By Anna Mann
According to Associate Dean of the College Alexander Bruce (C’89), Sewanee’s faculty approved the creation an “academic warning” status as a step between “good standing” and “suspension” on April 5. The modifications to these academic standards will begin in Advent of the 2019-2020 school year.
Based on an academic progress press release, there are three main rationale for the changes. Firstly, to create an additional resource for poorly performing students in the hopes of directing them away from a “cycle of failure” perpetuated by the current system. This will allow students to consistently earn acceptable grades rather than scraping by.
Secondly, a warning semester will permit students to recover from a single poor semester without facing suspension. Thirdly, the committee sought to move toward a system of more consistent checkpoints for students’ GPA and hours earned.
Bruce explained that the Academic Standards Committee (ASC) began considering these changes near the end of the 2017-2018 academic year. Apparently, Sewanee is among the only institution amidst nearly 30 peer universities that do not have some sort of probationary step between good standing and suspension.
The press release states that the ASC considered the number of suspensions from the past few semesters and applied the proposed standards to find that “fewer students would be suspended after just one semester, but more after three semesters. Those facing suspension in that third semester will have been warned, however, so the outcome might have changed.”
With the academic warning in place, 40 students would have been placed on warning after Advent 2018. However, only 20 would have been in danger of suspension after Easter 2019. These numbers follow a logical pattern as according to Bruce, as many of those placed on warning would be first semester freshman who face an “adjustment period” after high school.
“To give someone more of a chance than less seems reasonable. However, it’s not an unlimited chance… We are hopeful that the warning process will help redirect students ahead of time. Students will have time to reevaluate what they want to do with their college experience,” said Bruce.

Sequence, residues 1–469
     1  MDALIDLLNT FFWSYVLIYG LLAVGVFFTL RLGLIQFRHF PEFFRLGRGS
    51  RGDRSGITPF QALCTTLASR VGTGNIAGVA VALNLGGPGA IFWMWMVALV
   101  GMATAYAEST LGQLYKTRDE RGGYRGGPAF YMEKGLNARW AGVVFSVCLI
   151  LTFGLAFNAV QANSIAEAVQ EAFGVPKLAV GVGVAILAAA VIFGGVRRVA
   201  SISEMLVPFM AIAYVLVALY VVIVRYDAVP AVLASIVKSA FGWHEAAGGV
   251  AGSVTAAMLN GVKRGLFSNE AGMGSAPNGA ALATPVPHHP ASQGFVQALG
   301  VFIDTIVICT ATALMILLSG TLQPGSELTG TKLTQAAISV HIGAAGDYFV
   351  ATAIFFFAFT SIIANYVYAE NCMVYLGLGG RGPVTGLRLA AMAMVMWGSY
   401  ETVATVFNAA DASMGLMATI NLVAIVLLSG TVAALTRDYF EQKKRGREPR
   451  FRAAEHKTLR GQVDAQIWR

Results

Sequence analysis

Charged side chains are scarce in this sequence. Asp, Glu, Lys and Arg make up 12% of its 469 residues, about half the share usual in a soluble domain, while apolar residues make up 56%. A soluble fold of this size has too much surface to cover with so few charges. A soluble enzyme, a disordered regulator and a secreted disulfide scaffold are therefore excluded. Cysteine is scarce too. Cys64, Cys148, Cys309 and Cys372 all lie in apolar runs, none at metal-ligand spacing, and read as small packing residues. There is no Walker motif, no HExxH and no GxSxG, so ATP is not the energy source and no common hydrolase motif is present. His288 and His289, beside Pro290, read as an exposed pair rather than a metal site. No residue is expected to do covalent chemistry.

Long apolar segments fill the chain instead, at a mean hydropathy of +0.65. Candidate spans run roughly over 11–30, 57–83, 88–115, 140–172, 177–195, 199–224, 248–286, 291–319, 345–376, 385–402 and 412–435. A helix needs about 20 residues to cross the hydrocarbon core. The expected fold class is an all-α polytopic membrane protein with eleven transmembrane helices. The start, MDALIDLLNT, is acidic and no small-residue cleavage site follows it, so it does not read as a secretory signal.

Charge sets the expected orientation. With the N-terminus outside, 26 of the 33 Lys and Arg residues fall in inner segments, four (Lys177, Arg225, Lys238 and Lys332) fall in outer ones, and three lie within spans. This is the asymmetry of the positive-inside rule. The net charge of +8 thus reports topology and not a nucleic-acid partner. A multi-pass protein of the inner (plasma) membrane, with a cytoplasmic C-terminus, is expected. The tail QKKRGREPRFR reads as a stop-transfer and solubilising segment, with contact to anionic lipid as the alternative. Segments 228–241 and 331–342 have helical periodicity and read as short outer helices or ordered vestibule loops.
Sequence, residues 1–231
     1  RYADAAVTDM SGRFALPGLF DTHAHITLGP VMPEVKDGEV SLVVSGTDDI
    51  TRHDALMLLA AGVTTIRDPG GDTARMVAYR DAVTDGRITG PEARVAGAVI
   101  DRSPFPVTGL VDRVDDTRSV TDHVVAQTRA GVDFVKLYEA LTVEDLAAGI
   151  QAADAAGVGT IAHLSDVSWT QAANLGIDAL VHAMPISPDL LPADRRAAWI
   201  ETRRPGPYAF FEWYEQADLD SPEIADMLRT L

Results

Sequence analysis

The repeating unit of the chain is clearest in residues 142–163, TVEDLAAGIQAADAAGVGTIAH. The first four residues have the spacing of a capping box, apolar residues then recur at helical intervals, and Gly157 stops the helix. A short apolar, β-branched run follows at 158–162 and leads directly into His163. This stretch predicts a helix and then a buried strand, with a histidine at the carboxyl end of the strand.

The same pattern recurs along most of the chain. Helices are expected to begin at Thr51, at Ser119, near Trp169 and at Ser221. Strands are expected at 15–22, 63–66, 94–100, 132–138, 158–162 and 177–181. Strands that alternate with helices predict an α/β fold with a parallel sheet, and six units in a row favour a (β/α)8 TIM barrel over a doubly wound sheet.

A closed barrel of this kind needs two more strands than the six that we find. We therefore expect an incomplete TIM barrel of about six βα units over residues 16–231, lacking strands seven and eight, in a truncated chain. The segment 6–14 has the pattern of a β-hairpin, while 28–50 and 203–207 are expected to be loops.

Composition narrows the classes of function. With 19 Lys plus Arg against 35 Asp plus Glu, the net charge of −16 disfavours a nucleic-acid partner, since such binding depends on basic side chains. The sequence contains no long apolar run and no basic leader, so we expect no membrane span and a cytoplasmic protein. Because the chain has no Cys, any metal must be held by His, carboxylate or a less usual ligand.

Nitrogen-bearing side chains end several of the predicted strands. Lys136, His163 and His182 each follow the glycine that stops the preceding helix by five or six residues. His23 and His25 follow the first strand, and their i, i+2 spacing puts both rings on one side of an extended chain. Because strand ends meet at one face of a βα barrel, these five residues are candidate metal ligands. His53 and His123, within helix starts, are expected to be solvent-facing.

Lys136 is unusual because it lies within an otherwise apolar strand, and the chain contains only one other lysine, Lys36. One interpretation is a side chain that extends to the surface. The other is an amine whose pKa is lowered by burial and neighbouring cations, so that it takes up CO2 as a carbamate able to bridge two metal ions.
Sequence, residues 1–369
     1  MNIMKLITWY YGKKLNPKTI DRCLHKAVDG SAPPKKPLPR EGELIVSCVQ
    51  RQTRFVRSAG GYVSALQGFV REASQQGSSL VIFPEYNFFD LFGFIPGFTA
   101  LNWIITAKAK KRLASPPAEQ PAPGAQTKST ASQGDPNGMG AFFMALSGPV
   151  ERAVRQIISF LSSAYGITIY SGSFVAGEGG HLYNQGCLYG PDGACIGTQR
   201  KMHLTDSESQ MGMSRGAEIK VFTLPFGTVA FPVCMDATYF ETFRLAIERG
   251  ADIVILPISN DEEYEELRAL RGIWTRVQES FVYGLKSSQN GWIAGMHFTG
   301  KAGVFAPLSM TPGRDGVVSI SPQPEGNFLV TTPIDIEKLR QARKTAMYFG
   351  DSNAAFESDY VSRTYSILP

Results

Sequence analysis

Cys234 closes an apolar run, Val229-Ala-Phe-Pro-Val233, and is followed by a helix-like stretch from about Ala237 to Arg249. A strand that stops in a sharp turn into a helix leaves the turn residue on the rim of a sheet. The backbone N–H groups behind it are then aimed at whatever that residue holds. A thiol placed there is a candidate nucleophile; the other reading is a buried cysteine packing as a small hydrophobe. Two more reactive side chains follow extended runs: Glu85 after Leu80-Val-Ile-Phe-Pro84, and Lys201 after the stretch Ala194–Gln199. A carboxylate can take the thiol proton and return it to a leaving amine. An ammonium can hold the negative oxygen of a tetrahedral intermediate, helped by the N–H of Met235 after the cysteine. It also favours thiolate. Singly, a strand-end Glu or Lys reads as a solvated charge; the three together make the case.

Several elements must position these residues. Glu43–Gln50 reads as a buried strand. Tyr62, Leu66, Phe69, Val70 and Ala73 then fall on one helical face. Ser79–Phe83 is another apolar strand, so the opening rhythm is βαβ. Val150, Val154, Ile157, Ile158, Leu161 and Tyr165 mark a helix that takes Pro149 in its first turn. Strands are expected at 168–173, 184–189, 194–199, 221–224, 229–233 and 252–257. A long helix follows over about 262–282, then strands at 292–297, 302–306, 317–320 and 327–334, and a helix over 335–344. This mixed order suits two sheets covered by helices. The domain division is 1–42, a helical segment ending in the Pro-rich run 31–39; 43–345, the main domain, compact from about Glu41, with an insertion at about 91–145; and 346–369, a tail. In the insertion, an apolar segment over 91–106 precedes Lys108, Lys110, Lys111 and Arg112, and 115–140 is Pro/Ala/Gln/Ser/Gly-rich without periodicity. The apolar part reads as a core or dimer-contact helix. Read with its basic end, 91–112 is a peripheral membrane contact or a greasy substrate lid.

Additionally, the ASC spoke with Sewanee’s compliance officers for athletics in order to assure that students placed on warning would be unable to compete in NCAA competitions. The press released stated: “Our models showed that on average there would be six athletes declared ineligible for Easter semesters and only two for Advent semesters, so it’s not a widespread phenomenon. And perhaps the awareness of the implications of academic warning will provide additional incentive to athletes to be attentive to their grades.”
However, Bruce clarified that the data shows that the number of students affected by the changes would not result in any one sport losing too great a portion of their team, as the students that would theoretically have been placed on warning are spread between several different parties.
“The different push points will be that when students [are placed on warning] they will have to meet with one of the deans and their advisor to develop a plan about the following semester. We’re going to send letters of academic warning to the home address and that may change some conversations,” said Bruce about the possibility of this generating more student accountability.
Moreover, Bruce stressed that the changes may have a positive effect on retention rates. As an overwhelming amount of suspended students fail to return after their suspension ends. However, the grace period is expected to help with students that face only a single poor semester.
“If you get a triple zero GPA you’re going to be suspended,” stated Bruce. “But if it’s your worst semester ever, okay, as long as you have something we can work with you for another semester. Come back to who you are and recover from it.”